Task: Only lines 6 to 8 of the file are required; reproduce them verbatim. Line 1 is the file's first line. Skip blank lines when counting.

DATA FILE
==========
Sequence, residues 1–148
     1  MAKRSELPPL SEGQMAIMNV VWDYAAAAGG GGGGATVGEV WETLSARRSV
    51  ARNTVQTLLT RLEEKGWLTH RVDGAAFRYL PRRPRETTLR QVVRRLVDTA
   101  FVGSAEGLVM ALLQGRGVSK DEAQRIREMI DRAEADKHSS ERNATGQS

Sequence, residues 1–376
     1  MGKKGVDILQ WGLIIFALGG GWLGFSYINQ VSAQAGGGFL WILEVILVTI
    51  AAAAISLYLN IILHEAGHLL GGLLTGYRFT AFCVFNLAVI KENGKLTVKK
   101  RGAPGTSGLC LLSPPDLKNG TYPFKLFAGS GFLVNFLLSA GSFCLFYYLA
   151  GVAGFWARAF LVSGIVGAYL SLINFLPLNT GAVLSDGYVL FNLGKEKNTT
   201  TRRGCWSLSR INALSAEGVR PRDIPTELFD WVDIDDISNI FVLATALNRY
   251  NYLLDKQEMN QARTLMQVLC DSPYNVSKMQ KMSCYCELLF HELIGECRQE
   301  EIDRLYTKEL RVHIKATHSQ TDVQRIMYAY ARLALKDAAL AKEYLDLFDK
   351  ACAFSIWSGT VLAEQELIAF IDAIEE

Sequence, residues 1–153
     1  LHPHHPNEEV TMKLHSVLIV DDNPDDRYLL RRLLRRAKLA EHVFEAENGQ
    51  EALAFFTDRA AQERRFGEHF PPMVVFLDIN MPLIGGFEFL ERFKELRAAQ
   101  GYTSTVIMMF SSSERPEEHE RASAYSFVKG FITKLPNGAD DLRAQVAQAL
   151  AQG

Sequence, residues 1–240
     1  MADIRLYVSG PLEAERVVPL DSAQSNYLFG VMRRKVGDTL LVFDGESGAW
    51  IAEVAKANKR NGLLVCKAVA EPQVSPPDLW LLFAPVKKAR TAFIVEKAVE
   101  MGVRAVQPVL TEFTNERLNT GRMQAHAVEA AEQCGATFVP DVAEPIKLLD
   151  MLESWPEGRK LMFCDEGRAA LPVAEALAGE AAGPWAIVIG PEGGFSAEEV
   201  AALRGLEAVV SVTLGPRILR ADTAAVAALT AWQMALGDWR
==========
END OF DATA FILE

     1  MGKKGVDILQ WGLIIFALGG GWLGFSYINQ VSAQAGGGFL WILEVILVTI
    51  AAAAISLYLN IILHEAGHLL GGLLTGYRFT AFCVFNLAVI KENGKLTVKK
   101  RGAPGTSGLC LLSPPDLKNG TYPFKLFAGS GFLVNFLLSA GSFCLFYYLA